The Townsville V8 Supercars event appears not to have delivered the huge visitor numbers and economic benefits that were once forecast by its organisers, given the announcement of a new joint marketing campaign with other V8 races. The Townsville Bulletin reports (V8 plan to draw tourists):
A UNIFIED Queensland marketing campaign could result in a boom of interstate spectators heading north to Townsville for the 500 V8 Supercars event in July.
The Queensland Government signed a three-year deal in 2013 to ensure the Townsville event, the Ipswich 360 and the Gold Coast 600 would all continue until 2016.
And all three Queensland V8 events will be marketed as a package for the first time this year in a bid to breathe new life into all three races…
…All three events have faced their own challenges in recent years, with Townsville posting its worst attendance in its five year existence in 2013. The Gold Coast lost the crowd-drawing Indy cars in 2008 and Ipswich recorded its lowest ever attendance following a crash into spectators during the Mini Challenge series at the 2010 V8 event.
Clearly the races have not achieved the stellar forecasts of visitor numbers and economic benefits that were once made. For example, in 2007, Townsville Enterprise Chair Geoff Plante said: “the Townsville V8 Supercars…will have a huge economic impact for the city bringing visitors in from around the country”, as reported in the Sydney Morning Herald. It now appears the race hasn’t had the huge economic benefit expected.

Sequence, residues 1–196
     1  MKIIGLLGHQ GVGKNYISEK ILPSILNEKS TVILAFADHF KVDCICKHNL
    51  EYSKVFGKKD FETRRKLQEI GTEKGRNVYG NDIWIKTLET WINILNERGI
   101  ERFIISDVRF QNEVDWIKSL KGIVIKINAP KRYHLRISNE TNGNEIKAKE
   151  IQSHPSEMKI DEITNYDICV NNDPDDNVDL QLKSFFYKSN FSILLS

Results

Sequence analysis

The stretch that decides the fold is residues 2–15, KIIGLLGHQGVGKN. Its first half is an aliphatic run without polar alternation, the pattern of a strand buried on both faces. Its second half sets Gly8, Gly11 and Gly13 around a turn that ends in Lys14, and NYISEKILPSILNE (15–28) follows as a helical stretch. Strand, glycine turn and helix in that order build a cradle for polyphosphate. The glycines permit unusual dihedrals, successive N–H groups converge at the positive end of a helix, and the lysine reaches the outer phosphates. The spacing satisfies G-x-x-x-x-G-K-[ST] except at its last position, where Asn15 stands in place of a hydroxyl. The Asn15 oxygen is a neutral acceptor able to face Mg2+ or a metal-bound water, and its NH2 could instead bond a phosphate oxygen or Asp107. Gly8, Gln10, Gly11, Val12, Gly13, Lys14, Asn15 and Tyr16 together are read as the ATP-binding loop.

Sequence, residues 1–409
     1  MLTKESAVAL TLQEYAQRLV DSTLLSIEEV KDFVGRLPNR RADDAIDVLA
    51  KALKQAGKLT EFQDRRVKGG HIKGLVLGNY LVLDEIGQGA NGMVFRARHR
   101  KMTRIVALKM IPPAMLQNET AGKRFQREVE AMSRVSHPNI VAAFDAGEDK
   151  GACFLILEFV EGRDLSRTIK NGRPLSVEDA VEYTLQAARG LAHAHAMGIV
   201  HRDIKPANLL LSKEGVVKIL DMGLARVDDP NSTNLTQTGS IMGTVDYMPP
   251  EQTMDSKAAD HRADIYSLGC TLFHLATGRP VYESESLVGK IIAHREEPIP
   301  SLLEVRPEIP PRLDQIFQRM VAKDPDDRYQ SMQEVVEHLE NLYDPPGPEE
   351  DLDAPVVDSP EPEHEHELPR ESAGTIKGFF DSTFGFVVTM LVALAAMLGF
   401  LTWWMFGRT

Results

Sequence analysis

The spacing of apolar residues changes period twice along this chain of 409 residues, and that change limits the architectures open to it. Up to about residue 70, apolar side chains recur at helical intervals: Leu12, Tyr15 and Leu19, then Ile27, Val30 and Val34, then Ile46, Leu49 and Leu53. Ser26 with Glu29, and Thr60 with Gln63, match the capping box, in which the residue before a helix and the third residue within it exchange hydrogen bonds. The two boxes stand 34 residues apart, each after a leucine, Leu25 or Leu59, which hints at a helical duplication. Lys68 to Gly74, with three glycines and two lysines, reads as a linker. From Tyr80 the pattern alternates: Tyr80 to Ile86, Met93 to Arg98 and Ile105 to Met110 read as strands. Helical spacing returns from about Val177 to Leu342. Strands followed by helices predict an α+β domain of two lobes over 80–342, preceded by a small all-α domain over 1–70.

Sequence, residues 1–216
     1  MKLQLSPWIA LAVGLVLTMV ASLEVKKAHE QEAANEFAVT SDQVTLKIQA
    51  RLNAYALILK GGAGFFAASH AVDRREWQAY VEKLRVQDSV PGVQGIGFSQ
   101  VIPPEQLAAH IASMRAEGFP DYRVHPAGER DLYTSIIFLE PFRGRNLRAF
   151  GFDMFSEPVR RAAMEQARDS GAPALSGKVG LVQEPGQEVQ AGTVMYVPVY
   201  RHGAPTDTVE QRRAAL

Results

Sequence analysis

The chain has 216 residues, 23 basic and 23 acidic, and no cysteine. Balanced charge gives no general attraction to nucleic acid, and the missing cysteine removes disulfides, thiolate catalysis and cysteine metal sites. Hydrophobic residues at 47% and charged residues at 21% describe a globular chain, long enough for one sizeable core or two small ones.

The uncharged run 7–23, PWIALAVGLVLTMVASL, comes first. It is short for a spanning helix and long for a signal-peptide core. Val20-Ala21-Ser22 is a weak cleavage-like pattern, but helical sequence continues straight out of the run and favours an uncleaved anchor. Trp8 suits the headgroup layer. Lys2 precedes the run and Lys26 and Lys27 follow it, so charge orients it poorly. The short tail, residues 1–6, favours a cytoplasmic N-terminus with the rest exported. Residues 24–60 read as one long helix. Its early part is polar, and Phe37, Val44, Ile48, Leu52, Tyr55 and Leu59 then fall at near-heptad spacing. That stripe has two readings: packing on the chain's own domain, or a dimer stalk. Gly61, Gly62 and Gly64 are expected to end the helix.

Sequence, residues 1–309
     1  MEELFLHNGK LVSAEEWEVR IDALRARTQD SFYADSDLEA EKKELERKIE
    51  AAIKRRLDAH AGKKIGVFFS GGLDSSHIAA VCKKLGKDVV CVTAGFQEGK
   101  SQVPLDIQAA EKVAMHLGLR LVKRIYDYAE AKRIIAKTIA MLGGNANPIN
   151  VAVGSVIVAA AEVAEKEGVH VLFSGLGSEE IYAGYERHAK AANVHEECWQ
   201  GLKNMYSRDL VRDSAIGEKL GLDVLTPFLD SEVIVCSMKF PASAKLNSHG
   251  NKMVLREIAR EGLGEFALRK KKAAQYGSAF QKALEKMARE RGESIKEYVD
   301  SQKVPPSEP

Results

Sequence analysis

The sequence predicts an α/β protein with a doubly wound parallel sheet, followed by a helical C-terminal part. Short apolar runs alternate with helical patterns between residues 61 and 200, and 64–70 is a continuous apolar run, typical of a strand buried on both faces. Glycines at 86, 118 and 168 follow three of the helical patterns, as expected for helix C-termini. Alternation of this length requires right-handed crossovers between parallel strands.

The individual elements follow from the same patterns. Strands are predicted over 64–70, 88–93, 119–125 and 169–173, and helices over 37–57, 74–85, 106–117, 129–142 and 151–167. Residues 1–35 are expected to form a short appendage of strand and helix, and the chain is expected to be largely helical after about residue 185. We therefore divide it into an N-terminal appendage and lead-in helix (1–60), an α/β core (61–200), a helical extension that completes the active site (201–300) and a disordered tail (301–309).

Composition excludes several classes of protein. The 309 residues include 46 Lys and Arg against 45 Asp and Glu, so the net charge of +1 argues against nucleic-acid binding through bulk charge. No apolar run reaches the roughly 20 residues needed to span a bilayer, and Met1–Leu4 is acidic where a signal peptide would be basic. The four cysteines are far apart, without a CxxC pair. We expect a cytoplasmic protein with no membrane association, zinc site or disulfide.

It is well known by economists that claims made about the economic benefits of major events – particularly regarding flow-on or multiplier benefits – rarely stack up, as posted on a couple of years ago by Mark Beath at Loose Change: Events extravaganza expose. For further discussion of the limitations of the typical claims about the benefits of major events, I’d recommend the excellent 2007 report from the Victorian Auditor-General’s Office State Investment in Major Events, which questioned the purported economic benefits of the Melbourne Grand Prix. A cost-benefit analysis undertaken for VAGO by Applied Economics found a net loss to the State from the 2005 Grand Prix of almost $7 million.
Given doubts about the economic merits of government support for major events, the Queensland Competition Authority should investigate Government support of V8 Supercars as part of its current review of industry assistance. It should push vigorously for the Queensland Government to reveal the full details of funding agreements for these races, to help determine if the claims of net benefits to the State are justified. Unfortunately the Government has been reluctant to disclose the level of funding – reported to be $7-8 million p.a. (see V8 Supercars secured until 2016)– due to commercial-in-confidence considerations.
Governments obviously worry that the public might question the scale of subsidies to commercial events, but they are also, somewhat justifiably, worried that if other States find out what they’re paying, the other States might out-bid them. Ironically, given that many major events are a net loss to the State holding them, it would be in the State’s best interest to be out-bid.